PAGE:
Sep 18, 2009, 5:06 AM
The Network on Gender-Based Violence yesterday organised a three-day training follow-up for law enforcers, social workers and health personnel on gender-based violence at the Paradise Suites Hotel in Kololi.
Speaking at the opening ceremony, the chairperson of the network, Babucarr Ngum, said the network was formed in The Gambia in 2009.
The formation of the network took place after they had realised there was need to have such a gender-based organ against violence in the country, even though there were several NGOs and government departments involved in the fight against violence against women and girls.
"It was also felt that with better coordination and communication by the key stakeholders and service providers not only do we improve services, but also ensure that gender-based violence is nipped in the bud with greater impact and effectiveness," Mr Ngum said.
The training aims at looking at the issue from a more professional and technical perspective where they intend to bring to the fore the issue of partnership and communication between the key players.
"It must be recognised that in any case of rape, wife bartering, or child sexual abuse among others, the role of the police, health and social workers are extremely. What is even more crucial is the fact that these various service providers need to communicate and share information if they are to handle the matter more professionally. We have come to realise that our police stations, courts, and health facilities need to partner in the fight against violence against women, which from media reports continues to increase in The
Ngum thanked and appreciated their partners from
Deputising the coordinator of the network, the secretary and member of the network, Madam Matilda Johnson said: "The law enforcers, social workers and health personnel are very essential and very critical in ensuring that peace and stability reigns in society."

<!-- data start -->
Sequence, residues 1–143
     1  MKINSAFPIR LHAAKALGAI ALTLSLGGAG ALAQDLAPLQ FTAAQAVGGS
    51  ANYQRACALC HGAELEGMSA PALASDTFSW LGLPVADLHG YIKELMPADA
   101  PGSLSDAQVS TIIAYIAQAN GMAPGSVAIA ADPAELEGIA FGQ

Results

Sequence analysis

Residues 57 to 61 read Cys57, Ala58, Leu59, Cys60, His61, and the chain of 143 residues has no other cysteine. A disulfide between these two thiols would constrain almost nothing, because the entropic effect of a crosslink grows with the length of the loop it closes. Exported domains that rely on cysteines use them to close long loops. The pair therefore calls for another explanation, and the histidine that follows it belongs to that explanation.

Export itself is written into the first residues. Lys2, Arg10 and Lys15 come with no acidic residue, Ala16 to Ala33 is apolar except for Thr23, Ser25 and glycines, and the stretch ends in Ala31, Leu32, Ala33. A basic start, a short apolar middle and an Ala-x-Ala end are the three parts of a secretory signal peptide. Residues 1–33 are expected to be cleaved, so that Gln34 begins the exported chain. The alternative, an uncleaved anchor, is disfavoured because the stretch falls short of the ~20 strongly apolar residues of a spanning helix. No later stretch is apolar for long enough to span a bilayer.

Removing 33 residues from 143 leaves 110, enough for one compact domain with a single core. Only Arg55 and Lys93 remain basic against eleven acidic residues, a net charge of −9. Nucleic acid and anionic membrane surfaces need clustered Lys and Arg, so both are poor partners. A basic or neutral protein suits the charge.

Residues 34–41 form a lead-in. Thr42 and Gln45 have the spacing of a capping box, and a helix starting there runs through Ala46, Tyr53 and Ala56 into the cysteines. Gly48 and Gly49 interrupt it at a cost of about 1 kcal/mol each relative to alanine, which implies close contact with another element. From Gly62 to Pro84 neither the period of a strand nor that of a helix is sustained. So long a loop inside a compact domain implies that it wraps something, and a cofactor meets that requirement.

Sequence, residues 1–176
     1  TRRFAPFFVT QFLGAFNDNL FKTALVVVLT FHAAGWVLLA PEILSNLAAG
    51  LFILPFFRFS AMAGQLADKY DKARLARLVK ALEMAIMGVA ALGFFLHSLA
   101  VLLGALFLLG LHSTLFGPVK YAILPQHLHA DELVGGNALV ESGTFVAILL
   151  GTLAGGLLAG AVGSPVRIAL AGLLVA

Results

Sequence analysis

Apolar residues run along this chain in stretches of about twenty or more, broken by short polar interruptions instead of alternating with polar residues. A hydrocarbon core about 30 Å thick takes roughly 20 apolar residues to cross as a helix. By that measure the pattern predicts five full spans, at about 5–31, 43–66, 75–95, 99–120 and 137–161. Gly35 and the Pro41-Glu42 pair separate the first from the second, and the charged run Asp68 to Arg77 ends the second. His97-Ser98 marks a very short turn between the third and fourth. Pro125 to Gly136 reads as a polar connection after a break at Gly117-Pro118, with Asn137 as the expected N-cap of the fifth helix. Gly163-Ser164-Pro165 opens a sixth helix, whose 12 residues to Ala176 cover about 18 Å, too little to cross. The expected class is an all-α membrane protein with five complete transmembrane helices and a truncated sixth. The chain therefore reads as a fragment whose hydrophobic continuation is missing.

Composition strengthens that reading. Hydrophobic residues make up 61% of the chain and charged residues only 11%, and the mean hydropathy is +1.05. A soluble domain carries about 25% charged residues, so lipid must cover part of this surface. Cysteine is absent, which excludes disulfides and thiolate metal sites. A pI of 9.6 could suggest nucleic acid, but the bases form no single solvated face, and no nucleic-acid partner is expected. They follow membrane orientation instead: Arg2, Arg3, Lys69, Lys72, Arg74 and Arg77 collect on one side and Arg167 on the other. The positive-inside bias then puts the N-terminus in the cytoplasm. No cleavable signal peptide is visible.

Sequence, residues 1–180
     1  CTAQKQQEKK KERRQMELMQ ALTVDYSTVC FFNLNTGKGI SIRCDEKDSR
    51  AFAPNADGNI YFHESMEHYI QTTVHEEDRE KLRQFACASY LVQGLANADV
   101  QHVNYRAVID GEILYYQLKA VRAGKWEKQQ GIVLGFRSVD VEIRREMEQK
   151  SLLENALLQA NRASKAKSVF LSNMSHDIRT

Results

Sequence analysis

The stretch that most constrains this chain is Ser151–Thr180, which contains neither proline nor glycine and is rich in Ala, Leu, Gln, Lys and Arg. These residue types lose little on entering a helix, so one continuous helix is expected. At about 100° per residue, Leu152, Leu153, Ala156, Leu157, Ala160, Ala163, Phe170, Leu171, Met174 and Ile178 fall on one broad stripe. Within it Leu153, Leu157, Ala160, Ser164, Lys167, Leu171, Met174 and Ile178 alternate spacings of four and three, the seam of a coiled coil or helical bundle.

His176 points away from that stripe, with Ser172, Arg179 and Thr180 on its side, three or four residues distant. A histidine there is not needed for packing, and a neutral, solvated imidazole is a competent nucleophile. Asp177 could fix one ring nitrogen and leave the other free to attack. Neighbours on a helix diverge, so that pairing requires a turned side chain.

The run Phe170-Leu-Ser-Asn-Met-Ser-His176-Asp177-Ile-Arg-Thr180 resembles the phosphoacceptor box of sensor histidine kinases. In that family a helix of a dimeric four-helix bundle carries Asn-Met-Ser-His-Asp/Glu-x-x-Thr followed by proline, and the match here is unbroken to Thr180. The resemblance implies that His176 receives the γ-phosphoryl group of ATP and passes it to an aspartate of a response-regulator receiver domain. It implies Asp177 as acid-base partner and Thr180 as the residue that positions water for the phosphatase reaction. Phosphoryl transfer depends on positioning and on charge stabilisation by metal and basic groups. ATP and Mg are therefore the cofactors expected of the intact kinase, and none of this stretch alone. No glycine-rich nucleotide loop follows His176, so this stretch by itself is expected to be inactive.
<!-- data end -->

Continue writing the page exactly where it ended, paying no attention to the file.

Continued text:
She added: "They are also the foremost sector responsible for up-keeping and upholding the safety and wellbeing of our society. Gender-based violence has become the cancer in the society and thus has proved very difficult to address, or confront, simply because it concerns our customs, traditional, and way of life which is personal to the individual, and involves the family and sometimes, the community at large. It touches on our very being, our norms, values, morals but also embraces our fears, anxieties and weaknesses."
She said the training is a follow-up training aimed at examining all the issues from both a professional and technical perspective and to reiterate the issue of the need for partnership and communication between all stakeholders.
She thanked the Finnish partners for their continued support and appealed to them for more contribution and support.
Their efforts will not go in vain, she said, adding that sometime in the new future, girls and women will enjoy equal opportunities and rights in the world over.
For his part, the director of National Aids Secretary (NAS), Alieu Jammeh, in his speech, said: "The importance of examining the connections among gender equity, various types of gender-based violence, and HIV/AIDS is apparent within the context of achieving the Millennium Development Goals (MDGs), and especially with regard to the MDG3, the promotion of gender equity and women’s empowerment."